Flynn was the only White House official to be convicted by special counsel Robert Mueller’s investigation into Russian interference in the 2016 election, links between the Trump campaign and Russian officials, and the president’s alleged obstruction of justice.
Paul Manafort, the president’s one-time campaign chairman, was pardoned after having his sentence commuted earlier this year.
Manafort was found guilty of eight financial crimes including filing false tax returns on tens of millions of dollars in Ukrainian political consulting income.
Alex van der Zwaan
Alex van der Zwaan, a Dutch lawyer, was sentenced to 30 days in prison for lying to investigators during the Mueller investigation.
The president has repeatedly taken aim at Mueller’s investigation, which considered Trump campaign ties to Russia, and convicted aides including van der Zwaan in the process.
George Papadopoulos was the second person convicted in the Russia investigation, which handed the former Trump campaign advisor a 14-day prison sentence.
He pleaded guilty to lying about a conversation he had with Russians, who had told him they had “dirt” on Hillary Clinton, Mr Trump’s 2016 Democratic opponent.
Duncan Hunter, a former Republican congressman from California, was sentenced to 11 months in prison after he pleaded guilty to stealing $150,000 from campaign funds to spend on vacations and personal luxuries.
He was to begin his sentence in May 2020 but had it pushed back to January 2021 due to the pandemic.
Chris Collins, another Republican included in Mr Trump’s pardons, was sentenced to two months’ imprisonment after he admitted to helping his son and others dodge $800,000 in stock market losses when he passed on information about a pharmaceutical company to them.
The former New York congressman was among the first to endorse Mr Trump for president.
Steve Stockman, the former Republican congressman from Texas, was convicted of misusing charitable funds of $775,000.
The White House said that Stockman had contracted coronavirus while in prison. He served more than two years of his 10-year sentence, and will still be required to serve time on supervised release along with paying about $1m in restitution.
Nicholas Slatten, Paul Slough, Evan Liberty and Dustin Heard
The four men were contractors working for the US state department in 2007 when they opened fire on unarmed civilians in a crowded square in Baghdad, the Iraqi capital.
They killed 14 civilians, including two children, one who was just nine years old. The massacre led to lengthy prison sentences.
Alfonso Costa, a former Pittsburgh dentist and close friend of Housing Secretary Ben Carson, was convicted of healthcare fraud.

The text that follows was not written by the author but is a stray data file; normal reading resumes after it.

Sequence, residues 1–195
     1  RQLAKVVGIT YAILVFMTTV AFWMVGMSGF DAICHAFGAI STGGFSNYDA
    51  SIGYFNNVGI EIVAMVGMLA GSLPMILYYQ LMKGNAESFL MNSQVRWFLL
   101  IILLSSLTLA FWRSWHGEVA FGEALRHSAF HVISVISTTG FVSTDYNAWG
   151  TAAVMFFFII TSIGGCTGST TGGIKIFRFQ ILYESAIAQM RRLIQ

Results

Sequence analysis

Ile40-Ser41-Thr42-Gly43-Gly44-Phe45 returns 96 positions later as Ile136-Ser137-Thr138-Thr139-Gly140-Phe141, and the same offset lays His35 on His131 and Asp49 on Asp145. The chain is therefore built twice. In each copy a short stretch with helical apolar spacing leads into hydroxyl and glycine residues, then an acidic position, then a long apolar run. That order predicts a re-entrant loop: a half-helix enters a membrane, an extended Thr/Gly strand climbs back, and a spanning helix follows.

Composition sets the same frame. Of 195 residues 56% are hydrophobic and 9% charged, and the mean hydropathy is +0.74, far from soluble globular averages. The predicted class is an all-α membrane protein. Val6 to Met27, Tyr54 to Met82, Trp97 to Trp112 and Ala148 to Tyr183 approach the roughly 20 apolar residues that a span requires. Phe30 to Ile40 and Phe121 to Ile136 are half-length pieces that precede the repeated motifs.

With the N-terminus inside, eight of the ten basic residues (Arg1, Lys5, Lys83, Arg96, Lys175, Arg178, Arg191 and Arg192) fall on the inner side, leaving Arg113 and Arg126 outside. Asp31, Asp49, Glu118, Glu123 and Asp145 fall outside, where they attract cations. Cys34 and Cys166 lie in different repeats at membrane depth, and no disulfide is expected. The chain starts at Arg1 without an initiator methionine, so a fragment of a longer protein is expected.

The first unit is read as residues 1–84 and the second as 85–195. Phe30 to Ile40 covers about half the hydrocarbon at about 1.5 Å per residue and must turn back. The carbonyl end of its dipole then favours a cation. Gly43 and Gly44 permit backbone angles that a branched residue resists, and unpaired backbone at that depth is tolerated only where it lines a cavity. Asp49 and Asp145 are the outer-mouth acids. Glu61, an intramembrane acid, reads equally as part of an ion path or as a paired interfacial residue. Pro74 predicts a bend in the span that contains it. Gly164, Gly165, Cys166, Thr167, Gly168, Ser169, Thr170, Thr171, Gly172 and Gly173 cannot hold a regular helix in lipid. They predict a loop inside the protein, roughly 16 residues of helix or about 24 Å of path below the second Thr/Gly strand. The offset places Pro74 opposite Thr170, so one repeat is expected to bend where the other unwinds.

He pleaded guilty and served two years on probation, along with being ordered to pay $300,000 (£224,000) in fines and restitution.
Alfred Lee Crum
The 89-year-old pleaded guilty to helping his wife’s uncle illegally distill moonshine in 1952, when he was 19 years old. He served three years of probation and paid a $250 fine.
The White House said Crum, of Oklahoma, had maintained a clean record, had four children and been married for nearly 70 years. He has also attended the same church for 60 years and regularly participated in charity fundraising events.
Philip Esformes, a wealthy Miami businessman and former health care executive, was responsible for one of the biggest healthcare fraud schemes in US history, worth $1 billion.
His prison sentence was commuted by the president on Tuesday, but other aspects of his sentence, including supervised release and millions in restitution, remained intact.
The pastor, convicted of drug possession charges, was issued a full pardon, supported by Trump ally and South Carolina senator Tim Scott.
Weldon Angelos was 24 years old when he was given a 55-year prison sentence in 2004 for marijuana dealing while in possession of weapons. It was his first conviction.
Utah senator Mike Lee had petitioned former president Barack Obama to grant clemency to Angelos, a music producer. He was instead released from prison after receiving a sentence reduction in court.
Igancio Ramos and Jose Compean
The two former US Border Patrol agents were convicted of shooting and wounding a Mexican drug smuggler near El Paso, Texas, in 2005.
They were released in 2009 after then-president George W Bush commuted their sentences – 11 and 12 years respectively.
A Republican from Utah who currently serves as a state representative, served 10 days in prison after he led a motorbike protest through a Native American canyon, which was banned at the time. The rules were later undone by the Trump administration.